Speaking about the Ukrainian government’s latest "miraculous" project, Igor Yushkov, an expert at the Financial University under the Government of the Russian Federation and the National Energy Security Fund, suggested that it is all about an increasingly desperate Kiev regime shaking down donor countries for yet more funds. Currently, Ukrainian representatives are touring the world asking for handouts everywhere, using increasingly more creative arguments. "For example, at the recent Munich Security Conference they were trying to give Western countries a scare that if Russia wins in its military conflict with Ukraine, afterwards it would definitely seek to take over all of Europe for some reason. The Americans [in turn] are being promised a good deal, wherein Kiev would continue to hold Russia back at the price of the deaths of [countless] Ukrainian soldiers," the expert noted.

That said, he continued, in Tokyo, Ukrainian envoys vowed to replicate the post-World War II Japanese economic miracle in their country, insisting that there is a certain similarity between the two countries. Although it is clear that they have nothing in common because Japan has a different mindset and corporate culture as well as a culture of interaction between business circles and the government. Apparently, corruption does exist in Japan as well, but by its nature and scale it clearly differs from the type of widespread corruption seen in Ukraine. It seems that the only shared factor is that, much like Japan, which became an "unsinkable aircraft carrier" in the region for the US in the past, Ukraine is also currently perceived by Washington as a "frontline blocking unit." Which does not necessarily mean that the US will continue to aid Kiev with such largesse. As for Japan’s reaction, it has most likely allocated a new portion of support in order to confirm its standing as a member of the club of Western powers but without any real intention of shelling out any serious funds, the expert concluded.


Izvestia: Washington pressures US attendees to shun Russia’s upcoming World Youth Festival

The US delegation may cancel its participation in the World Youth Festival, which is slated to be held in Russia on March 1-7, due to pressure by US government authorities. The committee in charge of making preparations for the US delegation’s participation said that the visit by the Americans may have to be cancelled because three delegates have already been threatened with up to 15 years of incarceration, among other things, for their remarks against financing for Ukraine.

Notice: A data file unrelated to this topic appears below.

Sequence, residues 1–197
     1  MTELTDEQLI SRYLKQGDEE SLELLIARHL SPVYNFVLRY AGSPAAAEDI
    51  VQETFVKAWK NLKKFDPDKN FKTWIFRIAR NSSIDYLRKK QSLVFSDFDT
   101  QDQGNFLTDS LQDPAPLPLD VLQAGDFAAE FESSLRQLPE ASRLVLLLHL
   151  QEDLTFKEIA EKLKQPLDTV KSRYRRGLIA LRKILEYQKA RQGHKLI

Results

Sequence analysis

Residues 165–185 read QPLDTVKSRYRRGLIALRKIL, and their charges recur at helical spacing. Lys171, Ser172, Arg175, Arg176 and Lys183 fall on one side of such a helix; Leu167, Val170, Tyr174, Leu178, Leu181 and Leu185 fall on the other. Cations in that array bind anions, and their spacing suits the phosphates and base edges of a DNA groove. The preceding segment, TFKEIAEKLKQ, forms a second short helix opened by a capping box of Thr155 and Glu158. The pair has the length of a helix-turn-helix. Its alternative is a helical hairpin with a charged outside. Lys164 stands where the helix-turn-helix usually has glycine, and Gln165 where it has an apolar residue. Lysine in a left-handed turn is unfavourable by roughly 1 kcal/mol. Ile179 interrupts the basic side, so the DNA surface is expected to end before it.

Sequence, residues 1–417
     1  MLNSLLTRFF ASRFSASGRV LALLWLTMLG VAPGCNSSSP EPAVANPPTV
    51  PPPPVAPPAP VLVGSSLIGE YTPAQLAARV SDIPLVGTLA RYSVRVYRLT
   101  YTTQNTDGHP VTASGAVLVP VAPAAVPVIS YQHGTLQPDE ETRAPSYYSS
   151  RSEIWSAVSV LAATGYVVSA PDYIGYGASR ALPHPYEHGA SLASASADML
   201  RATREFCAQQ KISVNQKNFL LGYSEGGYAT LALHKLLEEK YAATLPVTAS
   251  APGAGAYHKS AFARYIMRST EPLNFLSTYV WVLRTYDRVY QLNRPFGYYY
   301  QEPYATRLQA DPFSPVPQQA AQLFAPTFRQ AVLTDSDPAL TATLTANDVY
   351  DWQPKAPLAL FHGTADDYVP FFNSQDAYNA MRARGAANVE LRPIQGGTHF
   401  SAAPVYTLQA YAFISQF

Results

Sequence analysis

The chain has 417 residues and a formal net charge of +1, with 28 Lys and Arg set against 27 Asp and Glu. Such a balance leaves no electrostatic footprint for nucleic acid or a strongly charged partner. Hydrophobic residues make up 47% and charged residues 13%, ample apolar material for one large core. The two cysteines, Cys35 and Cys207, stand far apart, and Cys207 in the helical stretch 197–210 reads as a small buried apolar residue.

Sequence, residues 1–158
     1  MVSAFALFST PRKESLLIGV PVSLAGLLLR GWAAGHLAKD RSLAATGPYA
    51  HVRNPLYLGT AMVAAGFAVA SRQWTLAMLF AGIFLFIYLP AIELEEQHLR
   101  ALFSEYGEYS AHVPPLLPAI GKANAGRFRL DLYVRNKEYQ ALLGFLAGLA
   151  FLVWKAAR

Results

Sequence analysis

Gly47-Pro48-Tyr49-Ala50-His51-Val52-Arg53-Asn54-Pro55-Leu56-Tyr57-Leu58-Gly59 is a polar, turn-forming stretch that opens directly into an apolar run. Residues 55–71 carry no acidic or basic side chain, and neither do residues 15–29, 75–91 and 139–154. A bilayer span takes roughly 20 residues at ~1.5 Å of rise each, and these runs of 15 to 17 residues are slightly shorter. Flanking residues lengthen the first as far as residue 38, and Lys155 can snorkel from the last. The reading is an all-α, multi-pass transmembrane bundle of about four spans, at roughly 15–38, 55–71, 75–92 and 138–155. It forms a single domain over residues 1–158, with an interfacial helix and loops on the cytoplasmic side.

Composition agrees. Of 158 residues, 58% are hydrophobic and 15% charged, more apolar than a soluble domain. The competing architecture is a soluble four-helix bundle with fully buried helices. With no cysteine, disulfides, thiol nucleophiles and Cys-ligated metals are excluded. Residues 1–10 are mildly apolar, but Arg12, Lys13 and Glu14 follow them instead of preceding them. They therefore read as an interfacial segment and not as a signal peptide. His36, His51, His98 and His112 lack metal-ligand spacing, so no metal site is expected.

Vladimir Vasilyev, senior research fellow at the Russian Academy of Sciences’ Institute for US and Canadian Studies, noted that such measures will be implemented increasingly more often on the eve of the US presidential election as an instrument of pressure on voters who do not share the White House and Democratic Party’s stance.

"I think that in the near future we will see other legal battles as well. There are elements of both denunciation and persecution, which may be of different nature, including potentially getting fired or getting in trouble over taxes. Here, it is not publicized much yet, nevertheless, this is common practice. For the Democrats, apparently, legal and police action, the use of repression, so far remain among the most important means of putting pressure on voters," the expert concluded.


Kommersant: Polymetal to receive $300 mln for its Russian assets

Mangazeya, owned by Russian businessman Sergey Yanchukov, has become one of the largest gold-mining companies in Russia by acquiring Polymetal’s Russian assets. The deal has been valued at $3.7 bln. Out of this amount, only $300 mln will be paid out in cash but Polymetal will write off $2.2 bln in debt on the books of its Russian division. As a result, Mangazeya will gain access to facilities for processing refractory ores while Polymetal will receive funds for pursuing development projects in Kazakhstan and will skirt sanctions risks.

In 2022, Mangazeya’s production amounted to 3.2 tons of gold, said Union of Russian Gold Producers Chairman Sergey Kashuba. The production of the acquired Russian assets of Polymetal totaled 38 tons.

"Mangazeya is operating in the Trans-Baikal region with total gold resources of 282 tons. It is developing gradually but at a serious annual rate. As far as I know, the company has been looking into refractory ores for a while. Polymetal’s executive team as well as the Amur Hydrometallurgical Plant and in the future, the Amur Hydrometallurgical Plant-2, will help it gain a foothold in this market," Kashuba noted. He explained that, according to agreements, Polymetal will continue to process the concentrate from Kazakhstan’s Kyzyl deposit at the Amur plant, which, together with Polymetal and Mangazeya’s deposits in Russia "allows to speak of the potentially high load on the Amur Hydrometallurgical Plant."